audit and the post-audit activities. Once the
audit has been conducted, the participation
of citizens and CSOs in implementing the
recommendations is important and devising
of protocols for this should be done through
a mutual agreement between the SAI and the
citizens/CSOs.
These steps, explained above are a point-by-
point explanation of institutionalizing the
CPA within the SAI. SAI has to keep in mind
that initially there might be a cost associated
in training the citizens/CSOs for their
proposed roles in CPA.
There might be a need to conduct multiple
sessions to explain the intricacies of audit, a
feedback loop that makes room for future
activities and the extent of sharing of
sensitive information with people along with
confidentiality of data being shared. It is good
to know how public funds are being utilized
towards what end but certain data has to be
kept condential. It is through the
institutionalizing process that SAIs
determines what information falls in the
public domain and what doesn't.
CPA worldwide
Social Audit in Kenya
One form of conducting a CPA is though a
social audit. Engaging of youth for the
purpose of social audit has been an effective
strategy in Kenya. The process started by first
organizing of communities into civic
constituencies. Then the information
regarding public funds and projects were
t h e n s h a r e d w i t h t h e c o m m u n i t y
organizations through which the people
realized the various inconsistencies in public
funds and gaps in service deliver. After this
social audit teams were made and they were
given trainings related to the tools they
would be using in social audit. The data was
collected, audit conducted and a report was
generated. They also created a feedback loop
f o r a c o n t i n u o u s m o n i t o r i n g o f
implementations of mutually agreed
improvements in the government projects
and how best the community would benefit.
CPA in Philippines
In the year 2012, SAI Philippines initiated the
concept of CPA in its audit ambit, terming it as
a successful venture. The project was
initiated by the Affiliated Network for Social
Accountability in East Asia and the Pacific
(ANSA EAP) in collaboration with their SAI,
the Commission on Audit (COA). The aim of
the project was to find a model working
arrangement for partnership between
government auditors and the citizens and
their groups. The aim was to enhance the
public audit process and its impact. The end
result apart from the audit was that it paved
the way for a continued system for such
collaborations through setting of shared
agendas.
The Case for Citizen Participatory Audit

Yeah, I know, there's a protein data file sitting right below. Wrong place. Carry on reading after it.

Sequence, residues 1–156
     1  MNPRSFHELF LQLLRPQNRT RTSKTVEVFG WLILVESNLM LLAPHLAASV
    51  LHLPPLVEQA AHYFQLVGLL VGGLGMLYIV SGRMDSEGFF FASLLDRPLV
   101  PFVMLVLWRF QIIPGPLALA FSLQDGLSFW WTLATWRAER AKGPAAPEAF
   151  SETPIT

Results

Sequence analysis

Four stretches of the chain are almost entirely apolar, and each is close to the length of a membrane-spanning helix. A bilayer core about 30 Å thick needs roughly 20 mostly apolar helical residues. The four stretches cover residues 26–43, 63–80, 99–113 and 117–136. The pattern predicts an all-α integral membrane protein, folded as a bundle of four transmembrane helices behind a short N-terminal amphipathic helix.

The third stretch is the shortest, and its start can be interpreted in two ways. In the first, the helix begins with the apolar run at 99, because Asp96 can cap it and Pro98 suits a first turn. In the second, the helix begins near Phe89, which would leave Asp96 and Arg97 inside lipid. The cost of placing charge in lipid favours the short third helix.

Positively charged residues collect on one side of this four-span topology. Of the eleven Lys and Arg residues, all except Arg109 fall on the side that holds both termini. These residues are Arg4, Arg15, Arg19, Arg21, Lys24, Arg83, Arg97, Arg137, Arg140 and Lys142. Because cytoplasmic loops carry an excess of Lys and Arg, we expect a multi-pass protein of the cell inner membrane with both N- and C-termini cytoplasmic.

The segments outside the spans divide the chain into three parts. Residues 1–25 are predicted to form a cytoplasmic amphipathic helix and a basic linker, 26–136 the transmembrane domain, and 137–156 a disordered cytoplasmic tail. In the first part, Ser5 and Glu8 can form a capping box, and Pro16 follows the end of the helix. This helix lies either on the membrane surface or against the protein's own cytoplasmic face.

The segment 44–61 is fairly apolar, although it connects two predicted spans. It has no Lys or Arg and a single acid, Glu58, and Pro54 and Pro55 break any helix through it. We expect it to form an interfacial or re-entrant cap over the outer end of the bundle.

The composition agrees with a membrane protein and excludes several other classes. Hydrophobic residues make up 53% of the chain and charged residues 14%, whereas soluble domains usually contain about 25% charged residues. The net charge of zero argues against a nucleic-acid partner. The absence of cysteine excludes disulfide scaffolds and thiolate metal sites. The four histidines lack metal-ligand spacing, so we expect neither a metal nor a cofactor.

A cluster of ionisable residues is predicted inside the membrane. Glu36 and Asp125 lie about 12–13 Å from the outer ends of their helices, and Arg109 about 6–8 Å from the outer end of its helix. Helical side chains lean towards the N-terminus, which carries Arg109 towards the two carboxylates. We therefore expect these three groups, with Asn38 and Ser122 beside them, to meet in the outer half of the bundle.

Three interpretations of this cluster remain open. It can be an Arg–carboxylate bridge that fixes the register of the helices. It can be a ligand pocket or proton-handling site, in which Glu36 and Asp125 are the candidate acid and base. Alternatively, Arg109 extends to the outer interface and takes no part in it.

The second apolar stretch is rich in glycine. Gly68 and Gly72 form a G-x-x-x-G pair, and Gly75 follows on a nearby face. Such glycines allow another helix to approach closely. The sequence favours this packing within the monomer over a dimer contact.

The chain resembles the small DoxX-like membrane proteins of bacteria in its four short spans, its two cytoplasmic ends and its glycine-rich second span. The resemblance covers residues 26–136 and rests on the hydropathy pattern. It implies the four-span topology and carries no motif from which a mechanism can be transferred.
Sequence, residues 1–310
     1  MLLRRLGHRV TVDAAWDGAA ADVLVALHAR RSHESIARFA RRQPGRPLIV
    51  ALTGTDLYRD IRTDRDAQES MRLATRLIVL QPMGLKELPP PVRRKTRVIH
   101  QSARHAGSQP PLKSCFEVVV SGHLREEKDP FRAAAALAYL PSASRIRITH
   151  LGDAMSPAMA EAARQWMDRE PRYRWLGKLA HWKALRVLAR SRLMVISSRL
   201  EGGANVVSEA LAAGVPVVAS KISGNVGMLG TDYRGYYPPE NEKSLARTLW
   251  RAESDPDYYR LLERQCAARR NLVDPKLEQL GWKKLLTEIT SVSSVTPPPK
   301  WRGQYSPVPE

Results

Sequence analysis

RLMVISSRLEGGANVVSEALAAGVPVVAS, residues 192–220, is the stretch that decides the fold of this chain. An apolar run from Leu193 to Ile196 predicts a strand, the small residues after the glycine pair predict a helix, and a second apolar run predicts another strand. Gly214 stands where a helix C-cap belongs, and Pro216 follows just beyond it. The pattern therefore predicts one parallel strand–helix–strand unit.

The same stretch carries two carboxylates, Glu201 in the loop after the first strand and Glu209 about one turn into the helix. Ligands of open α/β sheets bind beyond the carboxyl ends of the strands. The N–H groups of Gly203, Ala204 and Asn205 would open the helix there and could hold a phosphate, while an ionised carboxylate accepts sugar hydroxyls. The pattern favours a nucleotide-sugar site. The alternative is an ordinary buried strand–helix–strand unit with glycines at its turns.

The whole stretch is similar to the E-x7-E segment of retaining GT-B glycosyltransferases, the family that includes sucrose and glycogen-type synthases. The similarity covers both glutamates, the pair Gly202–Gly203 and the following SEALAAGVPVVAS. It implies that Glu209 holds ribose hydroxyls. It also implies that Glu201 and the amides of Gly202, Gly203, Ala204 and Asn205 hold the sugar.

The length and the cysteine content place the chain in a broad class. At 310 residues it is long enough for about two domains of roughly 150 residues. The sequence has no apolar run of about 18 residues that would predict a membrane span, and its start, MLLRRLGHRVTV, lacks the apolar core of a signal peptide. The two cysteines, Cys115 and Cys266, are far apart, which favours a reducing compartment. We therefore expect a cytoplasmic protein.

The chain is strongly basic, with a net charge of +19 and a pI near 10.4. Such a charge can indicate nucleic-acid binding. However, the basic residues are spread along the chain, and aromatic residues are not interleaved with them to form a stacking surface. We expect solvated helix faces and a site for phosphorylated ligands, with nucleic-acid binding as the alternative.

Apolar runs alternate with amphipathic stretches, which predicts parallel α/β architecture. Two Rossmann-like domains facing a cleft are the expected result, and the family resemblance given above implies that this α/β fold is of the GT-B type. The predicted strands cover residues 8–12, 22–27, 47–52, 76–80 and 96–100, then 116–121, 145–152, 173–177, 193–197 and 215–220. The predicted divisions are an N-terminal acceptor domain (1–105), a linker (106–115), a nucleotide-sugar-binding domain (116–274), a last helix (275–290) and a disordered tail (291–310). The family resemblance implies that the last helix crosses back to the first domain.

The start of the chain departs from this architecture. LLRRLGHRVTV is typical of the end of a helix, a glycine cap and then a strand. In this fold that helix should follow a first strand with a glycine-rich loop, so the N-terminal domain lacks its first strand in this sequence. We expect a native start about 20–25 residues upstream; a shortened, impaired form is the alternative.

It is an established fact that the SAIs plays a
very critical role in holding the governments
accountable while keeping an eye on the
accounts of the governments and the
performance as well. Given such a mandate,
SAIs are a natural partner of the citizens when
it comes to exercising public scrutiny. The
citizens of today are empowered ones and
tend to involve themselves directly in the
activities of the government, seeking results
in the form of better policies and improved
service delivery. Citizens have also taken
upon themselves to express their satisfaction
or dissatisfaction over government and its
use of public funds, to ending corruption and
they have devised their means to express
their trust or distrust over the government
and its ability (or inability) to act in the best
interest of them, often at times taking to
streets to express these things. The
technology of today has made access to
information very easy for the citizens and this
is one reason for the greater awareness of
them. This distrust and this demand of the
citizen of greater participation can be best
channelled by an audit institution towards
positive results. The SAI can balance the
demand and the requirement of the modern
government of transparency and openness
through a planned citizen participatory audit.
CPA makes the public audit process more
relevant and transparent, while at the same
time makes an SAI more eective in
performing its operations and functions. It
est ablis hes a li nk betwe en vario us
stakeholders of the SAI, including the SAI
itself, enabling it to function in a holistic
manner. As an SAI aims as increasing the
benefit for the citizens, CPA is the external
audit tool means to do so.
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CPA can also be used as means to enhancing
the engagement of citizens with the state,
giving people ownership of the benefits they
desire from the state and empowering them
through a coordinated, disciplined and
educated approach instead of going about
things as a mob.
Conclusion
People behave according to the information
they have at hand and the more the
information the more the awareness, which
can result in behaviours that are not suited
for larger public good. CPA is a means that
can give equal benefits to all the parties with
in a community, the citizen, the state, the
government and the audit institution. It is
better to go about ensuring and demanding
rights, transparency and change through an
educated, mutually benecial method. A
Citizen Participatory Audit ensures all this.